3d Obferu. Some things. may have two or more de. finitions, and each of them equally just and good; as a mile is the length of eight furlongs, or it is the third part of a league. Eternal is that which ever was and ever shall be; or it is, that which had no beginning and shall have no end. * Man is usual defined a. ra.

* The common definition of man, vizi a rational animal, is very kaulty: 1. Because the animal is not rational; the rationality of man ariles from the mind to which the animal is united. 2. Because if a

tional animal: but it may be much better to define him a spirit united to an animal of such a shape, or an. animal of such a peculiar shape united to a spirit, or a being composed of such an animal and a mind,

4th Observ. Where the essences of things are evident, and clearly distinct from each other, there we may be more exact and accurate in the definitions of them but where their effences approach near to each other, the definition is more difficult. A bird may be defined. a feathered animal with wings, a ship may be defined a large hollow building made to pass over the sea with fails : but if you ask me to define a batt which is bea tween a bird and a beast, or to define a barge and hoy, which are between a boat and a fhip, it is much harder. to define them, or to adjust the bounds of their essence. This is very evident in all monstrous births and irregu. Jar productions of nature, as well as in many works of art, which partake so much of one species and so much of another, that we cannot tell under which free cics to rank them, or how to determine their specific difference,

The several species of beings are feldom precisely. limited in the nature of things by any certain and unalterable bounds : the essences of many things do not conGft in indivisibili, or in one evident indivisible point, as some have imagined ; but by various degrees they approach nearer to, or differ, more from others that are of a kindred nature. So (as I have hinted before) in the very middle of each of the arches of a rainbow the colours of green, yellow, and red are sufficiently die ftinguished; but near the borders of the several arches. they run into one another, so that you hardly know how to limit the colours, nor whether to call it red or yellow, green or blue.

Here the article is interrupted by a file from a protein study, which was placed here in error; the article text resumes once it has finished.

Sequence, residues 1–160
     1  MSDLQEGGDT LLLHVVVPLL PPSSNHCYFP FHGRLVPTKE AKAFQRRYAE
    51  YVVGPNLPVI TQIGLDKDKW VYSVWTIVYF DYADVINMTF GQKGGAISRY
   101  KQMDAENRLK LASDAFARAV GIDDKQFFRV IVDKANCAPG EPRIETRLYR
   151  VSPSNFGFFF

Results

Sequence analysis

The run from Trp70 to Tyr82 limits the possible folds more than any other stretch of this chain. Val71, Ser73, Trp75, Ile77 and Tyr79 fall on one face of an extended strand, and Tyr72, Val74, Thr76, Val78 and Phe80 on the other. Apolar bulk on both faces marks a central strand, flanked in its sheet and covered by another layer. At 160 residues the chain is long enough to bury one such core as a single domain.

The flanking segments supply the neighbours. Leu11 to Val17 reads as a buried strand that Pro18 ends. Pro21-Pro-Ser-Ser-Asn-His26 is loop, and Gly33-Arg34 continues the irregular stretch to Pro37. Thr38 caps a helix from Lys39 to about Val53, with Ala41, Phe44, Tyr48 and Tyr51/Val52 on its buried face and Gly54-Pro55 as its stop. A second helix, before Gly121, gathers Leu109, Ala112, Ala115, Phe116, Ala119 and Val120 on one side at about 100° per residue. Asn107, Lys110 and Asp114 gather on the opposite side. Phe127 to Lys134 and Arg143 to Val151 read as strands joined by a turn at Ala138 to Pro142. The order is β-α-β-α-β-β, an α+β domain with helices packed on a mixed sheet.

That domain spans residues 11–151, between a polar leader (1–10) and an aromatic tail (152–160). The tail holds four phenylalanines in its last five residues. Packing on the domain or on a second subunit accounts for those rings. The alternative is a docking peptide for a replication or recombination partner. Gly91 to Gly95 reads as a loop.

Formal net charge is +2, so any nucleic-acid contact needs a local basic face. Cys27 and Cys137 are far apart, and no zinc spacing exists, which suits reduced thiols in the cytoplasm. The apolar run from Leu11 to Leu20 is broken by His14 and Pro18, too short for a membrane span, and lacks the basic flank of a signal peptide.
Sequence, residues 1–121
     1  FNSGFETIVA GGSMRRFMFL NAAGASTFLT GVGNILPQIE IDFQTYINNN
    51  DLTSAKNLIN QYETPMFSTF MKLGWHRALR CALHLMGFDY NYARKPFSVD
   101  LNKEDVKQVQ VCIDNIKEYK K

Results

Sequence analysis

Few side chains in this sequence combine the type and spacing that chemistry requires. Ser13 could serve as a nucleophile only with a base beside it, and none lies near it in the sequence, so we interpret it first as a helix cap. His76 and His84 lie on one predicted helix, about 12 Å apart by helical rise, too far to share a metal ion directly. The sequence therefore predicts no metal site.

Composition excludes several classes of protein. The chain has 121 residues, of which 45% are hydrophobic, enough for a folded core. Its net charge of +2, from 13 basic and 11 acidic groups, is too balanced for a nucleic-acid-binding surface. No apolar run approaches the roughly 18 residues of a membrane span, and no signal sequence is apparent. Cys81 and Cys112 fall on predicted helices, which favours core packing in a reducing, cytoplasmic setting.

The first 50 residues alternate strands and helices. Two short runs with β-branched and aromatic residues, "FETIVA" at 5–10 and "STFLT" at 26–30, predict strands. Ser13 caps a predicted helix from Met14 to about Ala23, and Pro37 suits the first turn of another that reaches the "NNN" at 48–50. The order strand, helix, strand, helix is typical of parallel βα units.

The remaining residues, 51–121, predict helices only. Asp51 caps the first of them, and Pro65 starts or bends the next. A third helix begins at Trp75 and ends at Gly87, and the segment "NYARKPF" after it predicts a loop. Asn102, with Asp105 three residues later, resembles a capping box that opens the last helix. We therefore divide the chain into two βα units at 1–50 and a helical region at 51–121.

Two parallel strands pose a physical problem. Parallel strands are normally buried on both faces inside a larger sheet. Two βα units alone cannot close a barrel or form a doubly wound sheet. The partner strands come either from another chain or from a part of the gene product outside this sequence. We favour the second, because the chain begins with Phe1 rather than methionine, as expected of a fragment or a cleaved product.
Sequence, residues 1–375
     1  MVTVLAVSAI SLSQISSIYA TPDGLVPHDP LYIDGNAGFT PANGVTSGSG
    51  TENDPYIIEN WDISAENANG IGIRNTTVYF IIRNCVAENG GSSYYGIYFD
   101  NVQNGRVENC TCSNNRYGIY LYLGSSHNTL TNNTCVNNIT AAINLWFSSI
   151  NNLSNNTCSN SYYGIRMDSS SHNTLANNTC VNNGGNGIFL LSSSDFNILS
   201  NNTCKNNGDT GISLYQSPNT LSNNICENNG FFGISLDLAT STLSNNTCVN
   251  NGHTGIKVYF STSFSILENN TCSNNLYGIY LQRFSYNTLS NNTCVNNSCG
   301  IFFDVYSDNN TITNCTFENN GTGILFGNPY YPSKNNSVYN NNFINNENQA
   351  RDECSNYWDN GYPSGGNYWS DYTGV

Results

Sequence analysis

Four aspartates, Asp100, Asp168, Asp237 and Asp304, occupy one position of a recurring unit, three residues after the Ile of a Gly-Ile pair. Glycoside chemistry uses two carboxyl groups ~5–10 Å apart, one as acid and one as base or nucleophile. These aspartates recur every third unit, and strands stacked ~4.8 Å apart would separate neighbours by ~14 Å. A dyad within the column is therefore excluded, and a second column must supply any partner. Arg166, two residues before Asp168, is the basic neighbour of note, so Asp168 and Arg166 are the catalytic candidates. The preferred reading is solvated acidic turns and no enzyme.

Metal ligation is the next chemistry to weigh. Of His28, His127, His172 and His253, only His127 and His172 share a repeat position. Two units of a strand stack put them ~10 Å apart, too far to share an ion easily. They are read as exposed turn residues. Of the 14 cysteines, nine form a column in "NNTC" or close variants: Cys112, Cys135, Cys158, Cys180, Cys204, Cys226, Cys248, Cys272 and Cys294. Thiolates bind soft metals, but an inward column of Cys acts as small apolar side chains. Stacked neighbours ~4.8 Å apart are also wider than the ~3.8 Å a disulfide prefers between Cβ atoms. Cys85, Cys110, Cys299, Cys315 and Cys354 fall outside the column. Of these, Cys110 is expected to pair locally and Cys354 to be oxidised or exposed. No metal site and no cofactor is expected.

5th Obferu. As the highest or chief genus' viz. be. ing and not-being can never be defined, because there is no genus superior to them ; so neither can fingulas

Spirit should be united to a horse and make it a rational being, surely this would not be a man; it is evident therefore that the peculiar shape must enter into the definition of a man to render it just and perfect : "for want of a full description thereof all our definitions are defective.

ideas or individuals be well defined, because either they have no effential differences from other individuals, or their differences, are not known; and therefore individuals are only to be described by their particular cire cumstances : 10 King George is distinguished from all other men and other kings, by describing him as the furft King of Great Britain of the house of Brunswick; and Weltminiter Hall is described by its fituation and its use, Esc:

That individual bodies can hardly hare any effential difference, at least within the reach of our knowledge, may be made thus to appear; Methuselah, when he was nine hundred and fixty years old, and perhaps worn out with age and weakness, was the fame person as when he was in his full vigour of manhood, or when he was an infant newly born; but how far was his body the same? who can tell whether there was any fibre of his Aefh or his bones that continued the same

throughout his whole life? or who can determine - which were those fibres? the ship in which Sir Frances Drake failed round the world might be new built and refitted lo often, that few of the same timbers remaine ed; and who can say whether it must be called the same ship or no ? and what is its effential difference? how shall we define Sir Frances Drake's. fhip, or make a definition for Methuselah ?

To this head belongs that most difficult question, what is the principle of individuation? or what is it that makes any one thing the same as it was sometime: before?. this is too large and laborious an inquiry to dwell upon it in this place : yet I cannot forbear to mention this hint, viz. Since our own bodies mult rise at the last day for us to receive rewards or punishments in them, there may be perhaps. some original fibres of each human body, fome stamina vita, or primeval seed of life, which may remain unchanged through all the stages of life, death, and the grave, these may become the springs and principles of a resurrection, and sufficient to denominate it in the same body. But if there be any such constant and vital atoms which distinguish every human body, they are known to God only.